Women and the Early Church


Blog 2
August 26, 2019

The Lady in Blue: Mary is the Same Yesterday, Today, and Forever

blue lady

Just like with the Early Church Fathers, Blessed Mary is as much a mother to me as had been my biological mother throughout my life. The prayers I offer to her, like those of the Patristic Period (writings of the Early Church Fathers), are as real and tangible to me as when I ask my beloved wife, “Remember me in your prayers, today.” Yes, I believe Mary watches over me, like a mother hen watches over her many chicks. For this, I am more than grateful!

And, it’s with this in mind that I’d like to share the following TRUE story …

A few years ago when celebrating Mass on a Sunday morning, I saw a dark-skinned woman, veiled in blue, come into the nave at St. Luke’s Church (where I had been serving as Priest-in-Charge) in Colorado Springs, CO. Surprisingly, she didn’t come into the pew area but instead walked to where our Lady Chapel was located (I thought at the time that she was probably going to the nursery [next to the Lady Chapel] although she wasn’t carrying a child that I could readily see).

After the consecration, as I was communing my parishioners, I wondered why this mysterious woman had not come to join us at the altar railing; just then, Ed—my adult acolyte asked me, “Father, where’s the woman in blue?” I was pleased that he had seen her, too; and that she wasn’t just some figment of my imagination.

After Mass, Ed and I began to contemplate the significance of the “woman in blue” and what seemed like her miraculous appearance and disappearance. As we shared this visitation with Fr. Walter, my priest associate, almost simultaneously we declared: “It was the blessed Mother of God!” Chills ran up and down my spine, as we began to ponder the significance of such a sighting.

Weeks later, I was visiting with my brother priest and friend, Fr. Anthony, who is an arch-priest with a Russian Orthodox Church in town. So convinced was he, by my telling of this extraordinary apparition, he asked that I immediately contact his iconographer and, with his priestly blessing, have his iconographer paint the plain, white spaces that occupy the altar backdrop around the tabernacle on our high altar with icons of the Blessed Mother of Jesus.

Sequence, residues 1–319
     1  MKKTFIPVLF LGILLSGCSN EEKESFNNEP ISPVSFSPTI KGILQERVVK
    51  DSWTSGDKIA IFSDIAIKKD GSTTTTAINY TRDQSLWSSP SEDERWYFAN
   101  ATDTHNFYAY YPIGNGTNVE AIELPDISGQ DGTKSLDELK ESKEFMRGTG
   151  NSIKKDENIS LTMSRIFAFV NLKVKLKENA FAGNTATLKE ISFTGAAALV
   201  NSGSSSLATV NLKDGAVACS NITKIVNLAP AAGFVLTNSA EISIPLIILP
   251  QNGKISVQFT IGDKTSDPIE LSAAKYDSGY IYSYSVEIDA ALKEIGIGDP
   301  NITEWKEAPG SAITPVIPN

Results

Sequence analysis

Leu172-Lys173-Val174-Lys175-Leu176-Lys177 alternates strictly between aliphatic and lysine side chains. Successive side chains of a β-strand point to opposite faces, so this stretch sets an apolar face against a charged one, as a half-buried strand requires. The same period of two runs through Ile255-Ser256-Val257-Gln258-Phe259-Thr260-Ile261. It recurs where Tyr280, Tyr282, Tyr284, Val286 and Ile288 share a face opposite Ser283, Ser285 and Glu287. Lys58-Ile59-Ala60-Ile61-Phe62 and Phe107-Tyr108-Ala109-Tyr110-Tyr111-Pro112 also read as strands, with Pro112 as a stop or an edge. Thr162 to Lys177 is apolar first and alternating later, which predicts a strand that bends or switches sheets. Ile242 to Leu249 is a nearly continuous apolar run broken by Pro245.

It’s also interesting to note that the altar was a previously consecrated Roman Catholic altar that was given to the church as a gift from a now-closed Roman Catholic parish—with the relics of St. Louis, King of France, and patron Saint of Franciscan Tertiaries, still embedded in the altar stone. (By the way, I am an Oblate with the Franciscan Order of Divine Compassion and we were hosting a Chapter at St. Luke’s at the time of this Marian sighting.) It’s also interesting that the first known icon of the Black Madonna was painted by St. Luke the Evangelist—for which the church had been named!

Add to this the fact that years later, as I was praying with a handmade Rosary that I received as a gift while attending the Roman Catholic Bishop’s pro-life dinner (which they gave as a present to any priest who was in attendance—I just happened to be Anglican/Episcopal). The beads—by the way—were silver, metallic. Well recently, I brought the same Rosary to St Luke’s Lady Chapel to pray to the blessed Mother that I had seen there some years before—now, I did not see her, but I definitely felt her real presence. The next morning, when I woke up, the largest bead had turned color—like gold, I’d say. I asked a friend if I could look at his Rosary that he received as a gift, too; and, indeed, the color on mine was noticeably different from his—my bead was gold; his bead was silver.

So, what’s the point, Michael? … I’m just saying, that Mary is as genuine an historical figure as written about by the Early Church Fathers as was Saints Paul or Peter; and still, like what I had miraculously experienced some time ago, is available to anybody for veneration (not worship) today as she was over 2,000 years ago.

Contributor – Fr. Michael O’Donnell, PhD

Blog 1
August 5, 2019


Story-telling by the Church Fathers regarding the Blessed Mother of Jesus is rather extraordinary. Especially rewarding is the narrative Saint Gregory of Palamas tells of Mary’s adventures into the Holy of Holies; that’s correct, Mary was so blessed and full of innocence before God that she was permitted where the Priests of the Temple feared to trod! Saint Gregory writes: